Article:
On the basis of alcohol consumption rates, the authors segmented a sample of college students (N = 669) into four types: the non/seldom drinker (17%), the social drinker (43%), the typical binge drinker (25%), and the heavy binge drinker (14%). Once the four segments were defined, each was profiled employing a psychographic scheme that encompasses personal values, beliefs regarding drinking, alcohol shopping orientations, situational contingencies, and demographics. Binge drinkers were best differentiated from social drinkers and non/seldom drinkers by social-hedonic characteristics such as social-affiliation values, psychological consequences of drinking, recreational shopping orientations, and social situations. Binge drinkers were also differentiated by several other market/consumption relevant factors. On the other hand, several utilitarian characteristics, such as health/moral consciousness, differentiated non/seldom drinkers from other groups. Discussion and the implications of this study are presented with the goal of aiding binge drinkers themselves as well as prevention and intervention practitioners.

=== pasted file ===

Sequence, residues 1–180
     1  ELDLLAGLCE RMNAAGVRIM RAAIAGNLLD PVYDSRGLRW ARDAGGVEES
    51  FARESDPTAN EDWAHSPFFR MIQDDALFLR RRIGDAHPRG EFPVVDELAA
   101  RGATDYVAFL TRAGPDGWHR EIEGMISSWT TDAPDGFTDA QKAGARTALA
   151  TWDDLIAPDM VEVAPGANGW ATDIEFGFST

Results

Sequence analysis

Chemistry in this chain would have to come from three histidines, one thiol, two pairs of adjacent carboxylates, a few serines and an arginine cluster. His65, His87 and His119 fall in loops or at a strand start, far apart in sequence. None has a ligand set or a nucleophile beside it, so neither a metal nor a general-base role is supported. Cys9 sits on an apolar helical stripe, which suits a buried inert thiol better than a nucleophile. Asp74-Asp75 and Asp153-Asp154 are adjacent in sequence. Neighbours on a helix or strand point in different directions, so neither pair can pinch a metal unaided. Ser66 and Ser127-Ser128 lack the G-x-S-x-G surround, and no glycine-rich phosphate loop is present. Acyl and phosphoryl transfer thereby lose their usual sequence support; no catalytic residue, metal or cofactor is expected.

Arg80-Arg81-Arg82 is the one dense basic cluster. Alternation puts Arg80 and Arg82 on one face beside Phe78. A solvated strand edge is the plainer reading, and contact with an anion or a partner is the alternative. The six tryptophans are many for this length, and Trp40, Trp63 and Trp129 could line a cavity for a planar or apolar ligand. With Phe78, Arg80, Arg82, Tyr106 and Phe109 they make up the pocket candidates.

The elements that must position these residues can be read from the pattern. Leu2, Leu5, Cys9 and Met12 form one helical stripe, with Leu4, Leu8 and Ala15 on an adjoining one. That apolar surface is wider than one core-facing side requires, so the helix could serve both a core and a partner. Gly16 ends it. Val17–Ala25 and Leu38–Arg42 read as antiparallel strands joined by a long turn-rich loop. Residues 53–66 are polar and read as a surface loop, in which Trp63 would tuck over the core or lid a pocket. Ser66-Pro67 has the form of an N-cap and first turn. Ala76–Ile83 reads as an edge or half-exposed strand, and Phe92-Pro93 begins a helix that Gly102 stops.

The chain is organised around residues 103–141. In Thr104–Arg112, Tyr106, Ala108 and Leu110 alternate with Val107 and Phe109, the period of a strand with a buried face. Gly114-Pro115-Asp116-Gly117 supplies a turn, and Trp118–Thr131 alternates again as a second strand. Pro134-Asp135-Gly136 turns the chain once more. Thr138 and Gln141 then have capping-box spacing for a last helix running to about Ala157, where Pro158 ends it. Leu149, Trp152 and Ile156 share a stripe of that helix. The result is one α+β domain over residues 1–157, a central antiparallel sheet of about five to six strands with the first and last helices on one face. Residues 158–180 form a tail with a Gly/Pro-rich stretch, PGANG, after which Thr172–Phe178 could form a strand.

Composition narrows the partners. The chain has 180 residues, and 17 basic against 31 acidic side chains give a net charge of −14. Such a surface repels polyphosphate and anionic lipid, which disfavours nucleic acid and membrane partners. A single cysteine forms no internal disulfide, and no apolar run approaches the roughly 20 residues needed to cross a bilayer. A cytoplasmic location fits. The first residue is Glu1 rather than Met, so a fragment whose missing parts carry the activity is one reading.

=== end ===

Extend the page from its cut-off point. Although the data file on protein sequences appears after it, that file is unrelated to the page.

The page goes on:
All Science Journal Classification (ASJC) codes
- Cultural Studies
- Sociology and Political Science